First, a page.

As reporters, we all have those moments when our spider senses tingle. You may not be able to put your finger on exactly why, but something just doesn’t feel right. Continue reading

Pharmaceutical industry influence starts with the doctor’s prescribing pen #ahcj13

Tracey Drury

About Tracey Drury

Tracey Drury is a reporter at Buffalo Business First. She is attending Health Journalism 2013 on an AHCJ-New York Health Journalism Fellowship, which is supported by the New York State Health Foundation.

Can a doctor’s prescription be bought for a tuna sandwich?

Whether it’s a tuna sandwich, steak dinner or a four-figure payment, there’s always the possibility of influence. And that’s how conflicts of interest begin in the medical field.

That was the message this morning from reporters Peter Whoriskey of The Washington Post and John Fauber of the Milwaukee Journal Sentinel during their panel on reporting on medical and financial conflicts of interest during AHCJ’s Health Journalism 2013 in Boston.

“Their job is to sell as much product as they can and maximize profits,” Fauber said of the pharmaceutical companies. “One of the ways they do that is by creating financial relationships with various stakeholders, which can be doctors, medical societies or medical schools. While this may be good for the bottom line of the drug companies, it may not work out for the patients.”

Fauber advised journalists to be on the watch for several things: promotional speaking gigs by physicians; participation in continuing medical education (CME) events; financial relationships between medical journal editors and drug companies; and royalties that come back to hospitals and physicians.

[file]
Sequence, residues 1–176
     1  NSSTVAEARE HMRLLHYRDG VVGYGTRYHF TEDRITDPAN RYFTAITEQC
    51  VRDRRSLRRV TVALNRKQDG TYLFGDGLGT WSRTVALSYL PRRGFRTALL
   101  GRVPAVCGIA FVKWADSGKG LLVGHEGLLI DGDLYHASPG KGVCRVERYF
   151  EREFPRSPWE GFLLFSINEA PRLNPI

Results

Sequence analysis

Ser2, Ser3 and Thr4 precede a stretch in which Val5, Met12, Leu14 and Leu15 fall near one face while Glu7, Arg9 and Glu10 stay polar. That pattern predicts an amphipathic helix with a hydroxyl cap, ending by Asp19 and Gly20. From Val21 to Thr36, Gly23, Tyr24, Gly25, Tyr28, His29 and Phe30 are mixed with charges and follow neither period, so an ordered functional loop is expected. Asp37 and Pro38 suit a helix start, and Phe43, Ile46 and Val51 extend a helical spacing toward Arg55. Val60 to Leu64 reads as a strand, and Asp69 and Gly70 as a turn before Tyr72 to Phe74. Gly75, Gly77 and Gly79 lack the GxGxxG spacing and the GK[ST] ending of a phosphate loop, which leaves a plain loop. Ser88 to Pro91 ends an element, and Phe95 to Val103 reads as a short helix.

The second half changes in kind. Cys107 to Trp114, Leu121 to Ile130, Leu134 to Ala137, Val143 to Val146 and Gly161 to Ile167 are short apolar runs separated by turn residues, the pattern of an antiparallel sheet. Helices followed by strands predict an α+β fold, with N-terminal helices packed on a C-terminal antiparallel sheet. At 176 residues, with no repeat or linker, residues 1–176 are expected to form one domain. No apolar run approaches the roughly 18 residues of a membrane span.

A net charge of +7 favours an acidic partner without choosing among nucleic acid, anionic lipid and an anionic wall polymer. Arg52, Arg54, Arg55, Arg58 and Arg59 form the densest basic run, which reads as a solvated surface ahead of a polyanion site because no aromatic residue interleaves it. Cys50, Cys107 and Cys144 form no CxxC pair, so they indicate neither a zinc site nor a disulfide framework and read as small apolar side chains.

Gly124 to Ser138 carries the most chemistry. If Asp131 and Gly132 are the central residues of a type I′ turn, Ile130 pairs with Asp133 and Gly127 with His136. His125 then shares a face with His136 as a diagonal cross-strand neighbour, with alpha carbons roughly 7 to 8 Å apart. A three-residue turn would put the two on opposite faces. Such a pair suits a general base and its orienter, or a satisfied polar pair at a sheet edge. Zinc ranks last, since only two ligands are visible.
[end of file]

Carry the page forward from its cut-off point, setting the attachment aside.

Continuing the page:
“It struck me very quickly that all the cynicism the media brings to politicians or companies, anybody, is held in abeyance for doctors and anybody that wants to heal you,” Fauber said. Continue reading

Using data to track doctors’ referrals, relationships #ahcj13

Jason Hidalgo

About Jason Hidalgo

Jason Hidalgo is a business reporter at the Reno (Nev.) Gazette-Journal and a 2013-14 AHCJ Regional Health Journalism Fellow.

Fred Trotter

Photo by Pia ChristensenFred Trotter.

Going online is usually a great way to waste time or — for adventurous social media users — get in trouble.

For resourceful journalists, however, the Internet is a treasure trove of information that can be invaluable for reporting. These include providing access to open-source tools such as DocGraphs, which can provide crucial data that may not easily be available anywhere else.

A crowdfunded project from open source developer Not Only Dev, DocGraphs aims to shed light on the relationships between various medical providers, and make that information more accessible to the public. Examples include which doctors and medical centers a specific doctor refers patients to or which laboratories a physician group tends to use. Continue reading

Panel will discuss newly released 990 data on hospitals #ahcj13

Karl Stark

About Karl Stark

Karl Stark, the assistant managing editor for health and science at The Philadelphia Inquirer, serves as president of the AHCJ board of directors.

AHCJ has just released a new trove of information from GuideStar on the finances of nonprofit U.S. hospitals. This information – from tax years 2009 and 2010 – contains carefully selected highlights from the hospital’s IRS 990 forms, which nonprofits must file to maintain their mostly tax-free status.

Reporters can use this AHCJ spreadsheet to get:

  • detailed salary info on top executives
  • the institution’s charity care and community benefit numbers
  • a hospital’s lobbying expenses
  • and the business relationships of board members, among other things.

This data will be discussed at the Health Journalism 2013 session, “Diving into documents: Using 990s and more to cover hospital finances,” on Sunday at 10:40 am. Howard Rivenson, senior lecturer on health management, Harvard School of Public Health, will join me to help demystify hospital finances.

The newest material from 2010 is here and here are last year’s data.